The Elbe Marshes
The part of the Elbe valley lowlands now protected by dykes from the river floods is known locally as the ‘marsh’. These areas are mainly put to agricultural use, with about equal proportions of arable land and pastures. An intricate drainage system provides for the necessary regulation of the waterways. Many of today’s ditches and channels trace the previous course of the Elbe. Of the arable crops, grains predominate, followed by rape and maize. The meadowland of the marsh consists mainly of intensively used grassland with a narrow range of species present. However, there are also large expanses of mesophilic grassland with oat-grass meadows (Arrhenatherion elatoris) and white clover - rye-grass meadows (Lolio – Cynosuretum) which attract a greater variety of species.
During the winter period, the Elbe Marsh becomes the stage for the spectacular sight of huge flocks of migrant birds from the north. Around 50% of the approximately 140,000 bean geese (Anser fabalis)and greater white-fronted geese (Anser albifrons) which are regularly counted as visitors to Lower Saxony choose to spend the winter in the Elbe valley. The exact figures can vary greatly from year to year and indeed within the wintering period. The birds take advantage of the food supplies available in the extensive grasslands, winter rape and winter grain fields. Contractual arrangements with the affected farmers provide for the necessary compensation to allow agriculture and nature conservation, i.e. man and nature, to coexist in harmony.
Farming on the eastern bank of the Elbe tends to be on a larger scale than on the western part of the biosphere reserve. This goes back to the days of the German Democratic Republic, in which agriculture was organized on the basis of large communal farming units. The landscape is diversified by large solitary oaks, avenues of trees, hedges and small groups of trees and shrubs. Small pockets of deciduous woods bear witness to the large oak, elm and ash woods which used to exist as characteristic features of the marshland flora. Examples of such woods are the Vitico near Bleckede, the Parens and the Bohldamm in Amt Neuhaus as well as the Elbholz in the Elbe marshes of Gartow.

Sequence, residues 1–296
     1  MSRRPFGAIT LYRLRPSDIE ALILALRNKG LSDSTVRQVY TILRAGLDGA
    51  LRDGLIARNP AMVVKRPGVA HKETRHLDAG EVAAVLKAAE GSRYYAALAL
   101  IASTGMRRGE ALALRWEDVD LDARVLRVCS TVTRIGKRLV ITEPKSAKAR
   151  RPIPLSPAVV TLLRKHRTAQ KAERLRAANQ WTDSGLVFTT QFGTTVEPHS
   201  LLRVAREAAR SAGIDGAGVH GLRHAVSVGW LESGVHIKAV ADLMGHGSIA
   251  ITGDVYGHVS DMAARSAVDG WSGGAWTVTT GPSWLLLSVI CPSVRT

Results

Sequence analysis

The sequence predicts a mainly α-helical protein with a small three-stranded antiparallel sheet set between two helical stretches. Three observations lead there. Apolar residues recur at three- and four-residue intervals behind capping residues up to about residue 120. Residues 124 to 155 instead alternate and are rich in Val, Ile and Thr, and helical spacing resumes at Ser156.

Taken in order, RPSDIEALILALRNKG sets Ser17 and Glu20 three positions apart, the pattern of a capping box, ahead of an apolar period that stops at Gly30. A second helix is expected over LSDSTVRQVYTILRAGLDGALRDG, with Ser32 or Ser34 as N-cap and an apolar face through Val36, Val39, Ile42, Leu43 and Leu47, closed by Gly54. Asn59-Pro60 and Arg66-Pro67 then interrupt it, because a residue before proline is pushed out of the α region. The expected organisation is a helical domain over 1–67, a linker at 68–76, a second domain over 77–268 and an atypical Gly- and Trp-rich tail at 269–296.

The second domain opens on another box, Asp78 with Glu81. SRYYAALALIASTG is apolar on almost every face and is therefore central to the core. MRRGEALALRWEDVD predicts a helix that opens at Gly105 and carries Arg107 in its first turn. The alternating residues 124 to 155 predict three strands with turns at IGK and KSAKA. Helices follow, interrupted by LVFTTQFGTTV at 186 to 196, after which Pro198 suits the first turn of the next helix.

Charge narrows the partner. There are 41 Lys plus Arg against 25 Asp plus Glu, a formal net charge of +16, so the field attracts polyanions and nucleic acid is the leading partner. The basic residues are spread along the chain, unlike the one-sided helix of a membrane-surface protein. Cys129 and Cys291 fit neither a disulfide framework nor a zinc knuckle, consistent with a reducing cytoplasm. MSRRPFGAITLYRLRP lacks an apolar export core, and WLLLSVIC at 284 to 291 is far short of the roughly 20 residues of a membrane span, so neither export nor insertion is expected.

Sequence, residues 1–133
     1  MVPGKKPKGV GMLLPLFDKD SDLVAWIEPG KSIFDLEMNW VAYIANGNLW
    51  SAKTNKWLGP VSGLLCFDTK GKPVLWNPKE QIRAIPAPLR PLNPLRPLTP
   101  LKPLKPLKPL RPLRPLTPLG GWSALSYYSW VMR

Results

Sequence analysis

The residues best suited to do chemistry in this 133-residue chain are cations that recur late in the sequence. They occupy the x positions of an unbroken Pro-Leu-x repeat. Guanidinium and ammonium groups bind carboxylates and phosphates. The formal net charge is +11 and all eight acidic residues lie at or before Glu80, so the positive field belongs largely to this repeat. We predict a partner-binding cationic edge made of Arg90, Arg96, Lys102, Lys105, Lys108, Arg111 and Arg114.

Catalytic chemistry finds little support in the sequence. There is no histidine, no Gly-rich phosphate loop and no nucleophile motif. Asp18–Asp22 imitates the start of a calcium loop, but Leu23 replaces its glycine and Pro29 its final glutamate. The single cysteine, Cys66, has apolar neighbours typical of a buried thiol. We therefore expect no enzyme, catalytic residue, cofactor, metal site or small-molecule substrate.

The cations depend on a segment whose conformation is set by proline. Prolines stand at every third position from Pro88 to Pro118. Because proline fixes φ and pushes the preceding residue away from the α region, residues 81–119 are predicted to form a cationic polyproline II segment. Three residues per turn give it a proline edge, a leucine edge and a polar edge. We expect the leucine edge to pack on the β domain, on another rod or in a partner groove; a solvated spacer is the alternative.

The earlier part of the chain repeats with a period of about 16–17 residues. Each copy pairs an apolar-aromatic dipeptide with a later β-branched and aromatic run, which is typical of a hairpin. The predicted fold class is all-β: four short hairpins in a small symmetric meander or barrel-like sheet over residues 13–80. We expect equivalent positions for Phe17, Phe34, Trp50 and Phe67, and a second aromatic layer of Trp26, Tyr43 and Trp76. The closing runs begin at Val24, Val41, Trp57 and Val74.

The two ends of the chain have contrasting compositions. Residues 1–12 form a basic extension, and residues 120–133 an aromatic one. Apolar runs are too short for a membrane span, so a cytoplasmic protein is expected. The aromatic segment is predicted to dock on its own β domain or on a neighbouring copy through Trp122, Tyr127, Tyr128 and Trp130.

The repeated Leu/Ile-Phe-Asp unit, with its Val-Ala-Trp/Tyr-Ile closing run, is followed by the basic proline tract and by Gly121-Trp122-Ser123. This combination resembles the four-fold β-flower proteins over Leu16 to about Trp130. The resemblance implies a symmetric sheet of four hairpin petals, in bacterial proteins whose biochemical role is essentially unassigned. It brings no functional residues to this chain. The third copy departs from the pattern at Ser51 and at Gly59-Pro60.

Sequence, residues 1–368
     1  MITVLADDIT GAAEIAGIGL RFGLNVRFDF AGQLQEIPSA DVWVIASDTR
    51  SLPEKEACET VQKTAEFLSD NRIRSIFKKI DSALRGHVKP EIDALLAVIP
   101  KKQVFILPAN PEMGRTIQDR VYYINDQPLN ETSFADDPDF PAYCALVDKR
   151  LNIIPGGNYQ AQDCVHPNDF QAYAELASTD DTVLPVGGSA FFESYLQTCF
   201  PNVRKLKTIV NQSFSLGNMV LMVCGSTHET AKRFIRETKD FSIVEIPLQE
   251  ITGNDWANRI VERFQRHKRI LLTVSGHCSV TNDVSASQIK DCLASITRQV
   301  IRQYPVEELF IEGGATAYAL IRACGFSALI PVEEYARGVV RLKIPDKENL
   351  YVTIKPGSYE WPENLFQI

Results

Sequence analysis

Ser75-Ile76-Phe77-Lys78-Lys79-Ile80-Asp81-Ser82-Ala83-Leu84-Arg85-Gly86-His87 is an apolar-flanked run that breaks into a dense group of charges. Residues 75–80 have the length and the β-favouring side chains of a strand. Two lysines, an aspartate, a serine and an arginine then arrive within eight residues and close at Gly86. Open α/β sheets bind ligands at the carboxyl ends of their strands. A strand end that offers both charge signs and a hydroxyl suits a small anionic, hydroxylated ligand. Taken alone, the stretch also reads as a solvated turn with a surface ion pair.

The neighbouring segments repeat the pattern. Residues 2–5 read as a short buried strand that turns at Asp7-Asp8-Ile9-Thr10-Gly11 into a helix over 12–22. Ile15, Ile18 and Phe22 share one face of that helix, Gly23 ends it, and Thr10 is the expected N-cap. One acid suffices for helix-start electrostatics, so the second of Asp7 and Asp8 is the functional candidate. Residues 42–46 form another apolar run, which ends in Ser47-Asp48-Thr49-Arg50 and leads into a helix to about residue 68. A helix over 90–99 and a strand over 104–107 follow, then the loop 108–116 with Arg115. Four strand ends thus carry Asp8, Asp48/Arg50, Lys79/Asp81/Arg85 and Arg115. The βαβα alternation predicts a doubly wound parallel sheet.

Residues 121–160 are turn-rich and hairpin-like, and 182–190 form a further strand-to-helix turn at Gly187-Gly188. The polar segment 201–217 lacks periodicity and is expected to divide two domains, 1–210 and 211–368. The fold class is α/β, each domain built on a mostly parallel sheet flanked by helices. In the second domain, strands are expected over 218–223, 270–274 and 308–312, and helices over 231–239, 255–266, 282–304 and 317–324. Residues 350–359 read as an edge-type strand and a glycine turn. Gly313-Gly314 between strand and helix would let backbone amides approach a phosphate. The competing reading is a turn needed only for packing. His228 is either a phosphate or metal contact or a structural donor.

The endangered insect known as the great Capricorn beetle (Cerambyx cerdo), which can reach 5 cm in length, has been found on the edges of the Elbholz and in nearby rows of oaks and also in solitary trees. In the past, this beetle could be found throughout Germany, but now there are only two places in Lower Saxony where it is known to exist, one of which is the Elbe valley. Together with the hermit beetle, an up to 4 cm long relative of the rose chafer (Cetoniidae), this beetle represents one of the indicator species for the biosphere reserve. It lives in seclusion in the humus-like material which collects in the holes often to be found in old deciduous trees.
Elbe marsh near Gartow